Innovation starts with people

Innovation starts with people

Innovation. The word is everywhere in the tech industry, and with good reason. Canada is a recognized leader in science, technology and innovation. And GSoft has even created a division dedicated purely to new concept development

“To get to the heart of innovation, you have to continually question yourself.”

We set up GLab in 2017 and now have 12 people there testing ideas on a full-time basis. “We used to run GHouse, an initiative that aimed to spark innovation by sending teams abroad for a few months to focus on new concept development, but we realized it wasn’t leading to the results we wanted,” says Guillaume Chalifoux, GLab’s Marketing and Innovation Director.

GSoft wants innovation to permeate the culture in all company departments, which is why we decided to bring all of our innovation projects under one roof. That’s how GLab came about. It’s a separate entity within GSoft that focuses entirely on innovation. In fact, the fact that the team is 100% dedicated to innovation is the secret to its success.

Laying the groundwork for innovation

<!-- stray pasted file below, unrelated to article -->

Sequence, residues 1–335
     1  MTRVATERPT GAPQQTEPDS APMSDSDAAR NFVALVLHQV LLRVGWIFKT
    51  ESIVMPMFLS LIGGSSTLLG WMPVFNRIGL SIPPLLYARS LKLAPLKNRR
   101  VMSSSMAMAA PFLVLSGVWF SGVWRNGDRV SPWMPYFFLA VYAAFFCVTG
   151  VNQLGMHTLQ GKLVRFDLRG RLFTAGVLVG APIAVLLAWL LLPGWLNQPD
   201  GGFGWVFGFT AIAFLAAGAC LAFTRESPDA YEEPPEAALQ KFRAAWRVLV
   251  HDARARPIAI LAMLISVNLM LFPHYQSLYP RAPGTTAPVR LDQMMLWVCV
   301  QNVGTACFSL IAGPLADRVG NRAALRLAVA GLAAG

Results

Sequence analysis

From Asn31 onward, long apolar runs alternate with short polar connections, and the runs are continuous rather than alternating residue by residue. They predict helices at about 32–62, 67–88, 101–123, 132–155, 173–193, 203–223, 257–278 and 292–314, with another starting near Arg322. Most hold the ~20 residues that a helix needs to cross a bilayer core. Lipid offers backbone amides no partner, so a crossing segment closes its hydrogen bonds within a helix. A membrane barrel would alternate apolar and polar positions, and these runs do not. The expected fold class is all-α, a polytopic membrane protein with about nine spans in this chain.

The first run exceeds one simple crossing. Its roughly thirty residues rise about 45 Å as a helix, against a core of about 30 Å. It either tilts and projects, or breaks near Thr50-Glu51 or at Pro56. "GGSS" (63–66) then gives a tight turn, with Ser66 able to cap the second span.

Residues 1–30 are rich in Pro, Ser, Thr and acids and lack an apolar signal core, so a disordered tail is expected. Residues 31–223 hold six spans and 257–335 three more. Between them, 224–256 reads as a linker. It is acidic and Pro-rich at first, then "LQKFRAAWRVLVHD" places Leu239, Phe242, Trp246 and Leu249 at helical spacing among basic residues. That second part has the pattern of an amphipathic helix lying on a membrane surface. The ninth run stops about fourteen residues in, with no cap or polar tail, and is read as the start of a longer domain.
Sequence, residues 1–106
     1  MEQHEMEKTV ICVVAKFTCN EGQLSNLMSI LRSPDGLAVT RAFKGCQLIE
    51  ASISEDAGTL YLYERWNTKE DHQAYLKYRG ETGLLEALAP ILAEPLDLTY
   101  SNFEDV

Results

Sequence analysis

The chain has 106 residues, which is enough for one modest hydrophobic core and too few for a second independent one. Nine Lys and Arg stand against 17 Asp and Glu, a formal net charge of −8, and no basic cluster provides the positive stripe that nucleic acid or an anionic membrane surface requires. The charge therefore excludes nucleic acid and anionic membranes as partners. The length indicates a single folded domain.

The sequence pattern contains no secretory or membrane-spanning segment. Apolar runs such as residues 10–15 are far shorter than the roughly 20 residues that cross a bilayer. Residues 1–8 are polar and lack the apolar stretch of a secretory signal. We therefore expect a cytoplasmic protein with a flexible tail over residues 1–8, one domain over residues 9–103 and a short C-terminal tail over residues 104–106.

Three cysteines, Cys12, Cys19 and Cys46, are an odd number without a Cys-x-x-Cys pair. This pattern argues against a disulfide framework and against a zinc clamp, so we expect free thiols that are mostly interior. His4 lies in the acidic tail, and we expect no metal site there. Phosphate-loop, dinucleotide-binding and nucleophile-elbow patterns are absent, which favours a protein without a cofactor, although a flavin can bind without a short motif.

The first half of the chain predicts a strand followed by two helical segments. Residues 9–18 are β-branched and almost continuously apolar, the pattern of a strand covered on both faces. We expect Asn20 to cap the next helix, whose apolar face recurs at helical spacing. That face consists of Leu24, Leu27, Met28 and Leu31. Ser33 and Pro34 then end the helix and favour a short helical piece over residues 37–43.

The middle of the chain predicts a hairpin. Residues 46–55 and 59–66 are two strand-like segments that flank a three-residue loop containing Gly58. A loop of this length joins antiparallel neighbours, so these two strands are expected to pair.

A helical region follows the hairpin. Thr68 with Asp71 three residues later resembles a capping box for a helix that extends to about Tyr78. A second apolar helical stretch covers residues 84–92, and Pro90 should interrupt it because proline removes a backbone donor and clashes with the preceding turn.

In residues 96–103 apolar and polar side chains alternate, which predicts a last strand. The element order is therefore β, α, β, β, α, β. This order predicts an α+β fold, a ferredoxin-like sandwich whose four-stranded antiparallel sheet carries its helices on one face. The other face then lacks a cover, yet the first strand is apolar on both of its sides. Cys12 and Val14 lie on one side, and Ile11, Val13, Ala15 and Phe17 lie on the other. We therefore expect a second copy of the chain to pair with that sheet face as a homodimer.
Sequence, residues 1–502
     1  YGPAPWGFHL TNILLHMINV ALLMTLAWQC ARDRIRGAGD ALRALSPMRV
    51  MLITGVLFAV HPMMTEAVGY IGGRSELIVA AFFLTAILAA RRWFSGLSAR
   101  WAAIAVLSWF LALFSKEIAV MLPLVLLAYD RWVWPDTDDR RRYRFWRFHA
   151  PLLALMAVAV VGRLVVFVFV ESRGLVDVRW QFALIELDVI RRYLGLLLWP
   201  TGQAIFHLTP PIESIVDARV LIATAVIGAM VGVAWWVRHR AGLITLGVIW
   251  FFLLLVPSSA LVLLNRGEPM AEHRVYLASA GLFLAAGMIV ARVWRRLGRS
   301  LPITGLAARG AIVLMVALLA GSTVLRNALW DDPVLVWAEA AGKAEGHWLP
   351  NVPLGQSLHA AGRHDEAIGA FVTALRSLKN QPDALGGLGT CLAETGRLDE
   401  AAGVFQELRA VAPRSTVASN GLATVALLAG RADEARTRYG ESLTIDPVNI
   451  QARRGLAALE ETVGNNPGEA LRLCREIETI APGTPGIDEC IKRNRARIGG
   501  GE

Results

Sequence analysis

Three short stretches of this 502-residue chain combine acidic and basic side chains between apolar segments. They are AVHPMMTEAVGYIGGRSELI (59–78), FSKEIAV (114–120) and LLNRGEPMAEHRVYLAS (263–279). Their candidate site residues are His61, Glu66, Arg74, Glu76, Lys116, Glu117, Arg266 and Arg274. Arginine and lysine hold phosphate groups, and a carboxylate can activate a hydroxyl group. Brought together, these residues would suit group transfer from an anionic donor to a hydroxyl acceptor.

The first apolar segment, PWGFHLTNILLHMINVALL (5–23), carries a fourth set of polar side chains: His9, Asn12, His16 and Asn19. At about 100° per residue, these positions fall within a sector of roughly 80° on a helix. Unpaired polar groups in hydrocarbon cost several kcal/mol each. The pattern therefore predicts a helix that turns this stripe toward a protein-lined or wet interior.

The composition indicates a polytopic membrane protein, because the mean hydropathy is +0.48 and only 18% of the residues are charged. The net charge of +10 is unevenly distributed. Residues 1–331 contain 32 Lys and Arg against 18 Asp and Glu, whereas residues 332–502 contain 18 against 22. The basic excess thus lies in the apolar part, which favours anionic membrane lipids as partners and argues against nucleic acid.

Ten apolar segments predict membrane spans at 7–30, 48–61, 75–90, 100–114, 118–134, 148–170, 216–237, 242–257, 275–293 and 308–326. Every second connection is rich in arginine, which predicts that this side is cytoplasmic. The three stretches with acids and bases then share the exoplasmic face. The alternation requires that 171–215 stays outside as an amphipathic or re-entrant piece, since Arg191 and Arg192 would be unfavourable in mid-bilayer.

“Our goal is to diversify GSoft’s line of products by generating increasingly advanced tech solutions,” explains Chalifoux. Unlike other tech firms that focus mainly on marketing, GLab takes the exploration a step further by delivering products that leverage the most recent breakthroughs from fundamental research in artificial intelligence or neuroscience. GLab’s strength is that it’s both a research lab and business incubator, combining technological savvy and strong marketing capabilities. That’s what sets it apart.

What does it take to work at GLab? First, you have to be a team player who can stay in step with the rest of the group. Each of the 12 team members—regardless of their roles—contributes to every single idea developed at the lab. The developers work hand-in-hand with the marketing and design specialists to ensure that innovations can be brought to market quickly. Working in silos is simply not an option. GLab is set up to promote team collaboration, right down to the way the office is configured. It’s also set up so that the team can capitalize on each person’s ideas, talent and efforts—and take them to the next level.

All this makes sense when you consider that if you want different results, you need a different method. In other words, radical thinking is a prerequisite for innovation. Since GLab’s goal is to be disruptive by creating things that don’t exist yet, we often have to dismantle entrenched work methods. Hasta la vista, standard operating procedures! “It’s kind of like walking blindfolded; you have to feel your way along,” says Guillaume. Navigating the unknown is an essential skill that GLab members have to develop. Since the lab works in iterations or sprints, employees have to be very flexible. “Sometimes we need to switch directions, but without losing our momentum. It demands a lot of resilience.”

Learning to let go